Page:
Illinois’ pension crisis has been a growing problem for decades, and its negative effects on state residents are well documented.1 Economic fallout from the COVID-19 pandemic and related government shutdown orders threaten to bring that long-running crisis closer to its breaking point. The state’s five pension systems collectively held nearly $139 billion of debt at...View Report
Illinois Gov. J.B. Pritzker appointed a former state lawmaker to his panel on ethics and lobbying. Trouble was, the lawmaker had recently worked as a lobbyist.
The longtime lawmaker from Lemont, Illinois, will step down in the wake of the Senate’s failed “grand bargain.”
Five days of special session have cost Illinois taxpayers an additional $250,000 for less than 90 minutes of work.
Four days of special session have cost Illinois taxpayers an additional $200,000 for less than 80 minutes of work.
A bill that would apply term limits to legislative leaders in the Illinois House and Senate cleared a major hurdle May 19, and is scheduled for a second reading May 22.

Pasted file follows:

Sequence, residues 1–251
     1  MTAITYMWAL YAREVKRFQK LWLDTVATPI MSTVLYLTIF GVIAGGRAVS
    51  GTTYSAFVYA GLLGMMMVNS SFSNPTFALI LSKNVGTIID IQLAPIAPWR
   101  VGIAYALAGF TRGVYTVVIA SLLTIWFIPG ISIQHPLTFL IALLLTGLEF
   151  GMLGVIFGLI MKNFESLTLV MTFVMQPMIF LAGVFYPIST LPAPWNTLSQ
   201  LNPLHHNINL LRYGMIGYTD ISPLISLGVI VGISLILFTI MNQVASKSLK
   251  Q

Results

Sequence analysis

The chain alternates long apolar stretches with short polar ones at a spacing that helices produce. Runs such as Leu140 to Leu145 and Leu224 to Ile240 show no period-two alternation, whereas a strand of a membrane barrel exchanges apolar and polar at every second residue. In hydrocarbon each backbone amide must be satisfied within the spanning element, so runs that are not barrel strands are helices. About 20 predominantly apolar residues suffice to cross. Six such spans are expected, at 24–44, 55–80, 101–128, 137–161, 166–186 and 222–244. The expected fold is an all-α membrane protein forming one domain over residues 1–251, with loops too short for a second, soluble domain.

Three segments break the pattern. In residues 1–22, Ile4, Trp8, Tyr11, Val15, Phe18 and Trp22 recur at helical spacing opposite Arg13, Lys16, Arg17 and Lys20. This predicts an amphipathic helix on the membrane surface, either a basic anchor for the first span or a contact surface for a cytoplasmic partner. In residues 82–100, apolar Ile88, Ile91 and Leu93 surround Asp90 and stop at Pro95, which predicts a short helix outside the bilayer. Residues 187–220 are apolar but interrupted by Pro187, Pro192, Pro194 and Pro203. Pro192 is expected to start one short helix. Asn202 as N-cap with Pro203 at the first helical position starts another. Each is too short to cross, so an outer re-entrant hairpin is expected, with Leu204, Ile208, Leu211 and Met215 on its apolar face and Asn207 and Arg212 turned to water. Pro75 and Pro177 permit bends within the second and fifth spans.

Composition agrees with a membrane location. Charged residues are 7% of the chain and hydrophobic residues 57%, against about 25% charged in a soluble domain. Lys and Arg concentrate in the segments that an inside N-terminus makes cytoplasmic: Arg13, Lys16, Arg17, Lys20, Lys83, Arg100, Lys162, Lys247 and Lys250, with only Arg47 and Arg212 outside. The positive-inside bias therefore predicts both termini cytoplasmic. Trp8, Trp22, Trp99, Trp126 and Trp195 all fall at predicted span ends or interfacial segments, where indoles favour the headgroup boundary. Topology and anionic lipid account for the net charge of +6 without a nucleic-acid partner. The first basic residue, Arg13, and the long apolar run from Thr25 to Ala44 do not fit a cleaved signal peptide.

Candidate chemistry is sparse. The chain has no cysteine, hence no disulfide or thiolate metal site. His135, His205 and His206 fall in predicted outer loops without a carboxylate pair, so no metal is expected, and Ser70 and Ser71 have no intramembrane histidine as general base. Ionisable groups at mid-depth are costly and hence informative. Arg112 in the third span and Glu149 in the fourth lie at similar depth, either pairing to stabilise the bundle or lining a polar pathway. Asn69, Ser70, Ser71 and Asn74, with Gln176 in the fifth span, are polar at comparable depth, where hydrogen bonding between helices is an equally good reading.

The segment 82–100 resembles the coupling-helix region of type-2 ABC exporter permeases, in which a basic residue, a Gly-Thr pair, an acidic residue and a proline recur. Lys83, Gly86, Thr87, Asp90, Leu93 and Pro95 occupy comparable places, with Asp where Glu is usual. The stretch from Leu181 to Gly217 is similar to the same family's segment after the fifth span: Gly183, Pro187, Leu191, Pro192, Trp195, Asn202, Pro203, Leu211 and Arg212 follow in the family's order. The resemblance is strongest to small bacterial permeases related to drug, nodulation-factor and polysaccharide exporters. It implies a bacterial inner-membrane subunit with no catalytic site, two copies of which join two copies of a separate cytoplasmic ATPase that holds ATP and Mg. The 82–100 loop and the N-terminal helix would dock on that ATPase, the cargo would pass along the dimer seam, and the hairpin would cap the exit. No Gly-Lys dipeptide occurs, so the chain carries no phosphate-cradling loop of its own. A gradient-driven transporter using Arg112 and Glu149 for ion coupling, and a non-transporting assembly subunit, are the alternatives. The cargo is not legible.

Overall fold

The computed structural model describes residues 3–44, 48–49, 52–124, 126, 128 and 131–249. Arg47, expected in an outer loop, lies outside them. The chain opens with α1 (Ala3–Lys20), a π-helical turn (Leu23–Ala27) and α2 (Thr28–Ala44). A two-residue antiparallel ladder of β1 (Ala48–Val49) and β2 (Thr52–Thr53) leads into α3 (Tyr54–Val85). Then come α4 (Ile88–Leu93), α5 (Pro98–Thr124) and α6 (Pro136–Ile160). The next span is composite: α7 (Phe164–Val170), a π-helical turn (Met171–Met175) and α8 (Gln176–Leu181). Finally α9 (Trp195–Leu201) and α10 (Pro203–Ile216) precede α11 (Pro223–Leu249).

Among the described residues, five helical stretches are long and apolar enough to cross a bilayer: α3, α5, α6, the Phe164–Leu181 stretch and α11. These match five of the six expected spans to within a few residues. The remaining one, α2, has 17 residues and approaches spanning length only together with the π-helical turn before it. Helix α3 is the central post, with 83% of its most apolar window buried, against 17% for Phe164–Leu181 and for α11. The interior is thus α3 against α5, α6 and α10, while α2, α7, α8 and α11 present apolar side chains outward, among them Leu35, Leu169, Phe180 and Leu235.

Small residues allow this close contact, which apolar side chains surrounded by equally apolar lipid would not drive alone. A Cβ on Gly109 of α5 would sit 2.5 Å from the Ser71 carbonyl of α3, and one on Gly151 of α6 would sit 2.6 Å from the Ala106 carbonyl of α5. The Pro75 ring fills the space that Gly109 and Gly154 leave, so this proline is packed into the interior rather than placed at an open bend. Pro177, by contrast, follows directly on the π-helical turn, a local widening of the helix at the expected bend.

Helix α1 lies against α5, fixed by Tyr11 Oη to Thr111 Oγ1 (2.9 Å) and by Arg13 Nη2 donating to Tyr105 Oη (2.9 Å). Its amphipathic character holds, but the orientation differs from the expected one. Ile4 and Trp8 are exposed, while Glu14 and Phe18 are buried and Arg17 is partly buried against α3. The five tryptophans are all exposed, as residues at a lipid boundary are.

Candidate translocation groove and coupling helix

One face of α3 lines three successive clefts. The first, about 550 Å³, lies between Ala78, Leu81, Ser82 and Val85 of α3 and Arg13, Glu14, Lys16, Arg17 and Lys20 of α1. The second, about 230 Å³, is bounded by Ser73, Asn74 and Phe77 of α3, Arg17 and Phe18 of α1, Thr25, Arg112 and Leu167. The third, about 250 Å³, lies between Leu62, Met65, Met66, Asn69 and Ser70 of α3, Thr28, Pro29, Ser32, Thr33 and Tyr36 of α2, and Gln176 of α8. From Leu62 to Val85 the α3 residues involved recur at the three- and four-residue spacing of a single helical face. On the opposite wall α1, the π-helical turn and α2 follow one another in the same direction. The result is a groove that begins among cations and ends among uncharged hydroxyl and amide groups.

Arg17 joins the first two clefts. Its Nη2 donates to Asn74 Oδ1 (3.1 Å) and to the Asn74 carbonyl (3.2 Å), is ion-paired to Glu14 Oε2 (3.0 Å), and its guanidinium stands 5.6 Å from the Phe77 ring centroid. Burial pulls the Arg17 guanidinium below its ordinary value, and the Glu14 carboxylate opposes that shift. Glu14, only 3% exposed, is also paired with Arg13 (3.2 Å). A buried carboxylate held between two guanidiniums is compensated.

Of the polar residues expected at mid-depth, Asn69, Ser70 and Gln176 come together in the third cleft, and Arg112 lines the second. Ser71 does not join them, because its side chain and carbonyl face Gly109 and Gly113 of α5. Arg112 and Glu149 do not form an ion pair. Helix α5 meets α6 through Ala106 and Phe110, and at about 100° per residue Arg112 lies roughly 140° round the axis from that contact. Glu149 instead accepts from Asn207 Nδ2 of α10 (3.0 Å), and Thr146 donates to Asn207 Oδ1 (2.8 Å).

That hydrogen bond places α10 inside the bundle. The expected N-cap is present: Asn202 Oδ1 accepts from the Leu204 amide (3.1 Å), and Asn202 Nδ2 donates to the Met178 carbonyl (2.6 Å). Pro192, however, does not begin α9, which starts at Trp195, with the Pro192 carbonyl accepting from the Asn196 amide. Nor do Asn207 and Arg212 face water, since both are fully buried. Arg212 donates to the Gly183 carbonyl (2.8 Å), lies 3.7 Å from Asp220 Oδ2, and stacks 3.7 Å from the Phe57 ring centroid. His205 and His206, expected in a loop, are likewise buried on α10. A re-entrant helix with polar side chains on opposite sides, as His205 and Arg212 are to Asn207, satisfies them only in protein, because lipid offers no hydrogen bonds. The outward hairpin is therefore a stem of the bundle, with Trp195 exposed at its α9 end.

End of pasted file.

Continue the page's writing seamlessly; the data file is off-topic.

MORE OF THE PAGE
Rank-and-file lawmakers have received paychecks of more than $50,800.
The Taxpayer Bargain finally shifts the budget conversation in favor of taxpayers over politicians, with a plan that balances the state budget without tax hikes.
Illinois state government works to prioritize special interests over taxpayers – and the budget deal being negotiated in the Senate would continue that.
The Senate’s “grand bargain” contains a one-year spending “cap” that won’t improve fiscal responsibility. A real cap must come with structural spending reforms to return spending to a level that taxpayers can afford.
Gov. Bruce Rauner has suggested funding CPS with tax increment financing, or TIF, funds; this would temporarily bail out the district, but more needs to be done to address serious concerns about Chicago’s TIF program.